BY ZACHARY MORTON
I grew up in a church in southwestern Pennsylvania with paintings of Jesus on the walls. I can still see them in my mind. Jesus was usually staring you in the face, but sometimes he was gazing off somewhere else, or at another character in the scene. Jesus often had light brown hair; sometimes curly and sometimes straight. His eyes would stare lovingly back at you — usually blue eyes or brown or sometimes they were even green. One thing was consistent, though; Jesus was always white.
Those images stick with us and influence the ways we think about and conceptualize God, and they make it easier for us to identify with God on some level. That is valuable when dealing with a God whom in other terms is unknowable, ineffable and beyond us.
While this can be a valuable tool for a white person, a black Jesus or an Hispanic Jesus or an Arabic-looking Jesus are just as valuable to people of other races and ethnicities. It is important for us to remind ourselves at a time like this that Jesus was not white, and God is most certainly not white.
This should be obvious, but based on much of the language and symbolism that has been brewing and rising in our state, our society and around the world, it apparently is not.
The recent terrorist attack on mosques in New Zealand, the Islamophobic displays in our own statehouse and the recent distribution of KKK materials in various Morgantown neighborhoods all appeal to the trope of a God whose will is somehow connected to various conceptualizations of whiteness.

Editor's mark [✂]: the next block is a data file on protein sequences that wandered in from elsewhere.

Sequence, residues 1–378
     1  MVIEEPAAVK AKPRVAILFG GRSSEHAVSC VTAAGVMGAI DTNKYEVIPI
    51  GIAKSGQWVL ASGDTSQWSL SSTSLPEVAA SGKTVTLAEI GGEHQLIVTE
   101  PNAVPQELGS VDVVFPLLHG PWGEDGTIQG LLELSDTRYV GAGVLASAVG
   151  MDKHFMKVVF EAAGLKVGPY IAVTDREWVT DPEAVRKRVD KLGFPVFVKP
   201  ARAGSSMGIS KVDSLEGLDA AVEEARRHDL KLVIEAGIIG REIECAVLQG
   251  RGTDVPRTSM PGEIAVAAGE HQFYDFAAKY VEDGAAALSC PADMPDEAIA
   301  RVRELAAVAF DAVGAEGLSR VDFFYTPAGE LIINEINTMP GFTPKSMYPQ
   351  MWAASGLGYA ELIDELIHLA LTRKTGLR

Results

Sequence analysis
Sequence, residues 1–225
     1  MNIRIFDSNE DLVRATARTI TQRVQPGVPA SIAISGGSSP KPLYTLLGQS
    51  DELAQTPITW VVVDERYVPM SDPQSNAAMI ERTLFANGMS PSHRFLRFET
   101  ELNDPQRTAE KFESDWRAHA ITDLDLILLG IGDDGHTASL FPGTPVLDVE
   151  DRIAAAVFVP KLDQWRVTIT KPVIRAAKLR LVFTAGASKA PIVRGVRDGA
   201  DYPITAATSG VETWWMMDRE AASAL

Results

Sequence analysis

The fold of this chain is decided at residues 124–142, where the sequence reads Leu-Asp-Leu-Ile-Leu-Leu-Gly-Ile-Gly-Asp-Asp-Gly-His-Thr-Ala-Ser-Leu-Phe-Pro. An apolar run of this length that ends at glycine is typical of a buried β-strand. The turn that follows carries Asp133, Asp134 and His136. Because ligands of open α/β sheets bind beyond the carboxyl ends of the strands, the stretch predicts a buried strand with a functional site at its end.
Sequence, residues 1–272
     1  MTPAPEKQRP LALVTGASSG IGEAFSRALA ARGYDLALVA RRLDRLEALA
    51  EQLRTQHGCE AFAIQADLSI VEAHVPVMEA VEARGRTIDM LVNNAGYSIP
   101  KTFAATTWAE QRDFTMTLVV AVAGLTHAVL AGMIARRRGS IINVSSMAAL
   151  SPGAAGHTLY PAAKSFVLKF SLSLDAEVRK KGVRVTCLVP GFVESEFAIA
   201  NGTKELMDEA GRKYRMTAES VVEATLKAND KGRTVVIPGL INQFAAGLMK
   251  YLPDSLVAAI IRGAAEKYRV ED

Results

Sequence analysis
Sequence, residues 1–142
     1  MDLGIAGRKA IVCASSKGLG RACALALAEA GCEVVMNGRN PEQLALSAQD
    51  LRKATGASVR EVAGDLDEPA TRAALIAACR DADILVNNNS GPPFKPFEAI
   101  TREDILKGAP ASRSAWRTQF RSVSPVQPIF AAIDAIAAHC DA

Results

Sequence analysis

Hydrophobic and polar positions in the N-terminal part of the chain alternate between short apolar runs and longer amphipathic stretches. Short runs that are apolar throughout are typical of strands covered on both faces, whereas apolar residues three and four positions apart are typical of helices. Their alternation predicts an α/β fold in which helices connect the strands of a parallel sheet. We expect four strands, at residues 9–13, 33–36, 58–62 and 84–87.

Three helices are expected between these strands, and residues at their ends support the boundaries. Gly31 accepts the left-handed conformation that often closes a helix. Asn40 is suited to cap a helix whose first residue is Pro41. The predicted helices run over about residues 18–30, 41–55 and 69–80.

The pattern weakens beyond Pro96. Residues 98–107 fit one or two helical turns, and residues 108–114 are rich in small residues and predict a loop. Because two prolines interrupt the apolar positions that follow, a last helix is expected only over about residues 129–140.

Let me be clear: Any form of religion that attaches God to any form of racial superiority, or seeks to inflict physical, mental or spiritual violence on another is antithetical to the Gospel of Jesus Christ and the God of love revealed in the Bible.
God is not white. God has never been white. God never will be white. God does not desire for people of different races/ethnicities or religions to live separately or isolated from one another. Instead, the vision of God’s love put on display is a vision of all the nations of the world gathering and embracing the love of God together.
One of the most important commandments in the Hebrew Bible is the commandment to not make any graven images, or representations, of God.
There is a lot of wisdom in this command. Whenever we worship a God that we see in our minds as white or American we are worshipping a graven image, not God.
Whenever our understanding of God’s will becomes intertwined with our own conceptions of an ethnically or culturally “pure” vision, we are worshipping a graven image. Whenever we confuse the reality of God with the ideas about God that make us feel comfortable or nostalgic, we are worshipping a graven image.
We who call ourselves Christians must hold ourselves to a higher standard of God’s love for all people. We must reject any claim that God’s will is for something other than the celebration of God’s creative diversity.
We must counter any rhetoric that disfigures the Gospel of Christ with fear of another. We must remember that God is not white. God is not a Christian. God is not a nationalist.
God is love — the kind of love that brings people and communities together.
BY ZACHARY MORTON